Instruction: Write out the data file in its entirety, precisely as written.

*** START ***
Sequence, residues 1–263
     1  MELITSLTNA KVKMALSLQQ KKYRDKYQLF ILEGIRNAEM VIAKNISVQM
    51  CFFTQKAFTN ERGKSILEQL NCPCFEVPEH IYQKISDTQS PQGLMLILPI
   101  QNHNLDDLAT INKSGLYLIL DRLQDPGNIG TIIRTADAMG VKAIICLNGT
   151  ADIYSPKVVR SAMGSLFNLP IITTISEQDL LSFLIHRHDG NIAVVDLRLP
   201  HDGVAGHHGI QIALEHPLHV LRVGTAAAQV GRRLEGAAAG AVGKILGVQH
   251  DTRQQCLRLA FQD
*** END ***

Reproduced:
Sequence, residues 1–263
     1  MELITSLTNA KVKMALSLQQ KKYRDKYQLF ILEGIRNAEM VIAKNISVQM
    51  CFFTQKAFTN ERGKSILEQL NCPCFEVPEH IYQKISDTQS PQGLMLILPI
   101  QNHNLDDLAT INKSGLYLIL DRLQDPGNIG TIIRTADAMG VKAIICLNGT
   151  ADIYSPKVVR SAMGSLFNLP IITTISEQDL LSFLIHRHDG NIAVVDLRLP
   201  HDGVAGHHGI QIALEHPLHV LRVGTAAAQV GRRLEGAAAG AVGKILGVQH
   251  DTRQQCLRLA FQD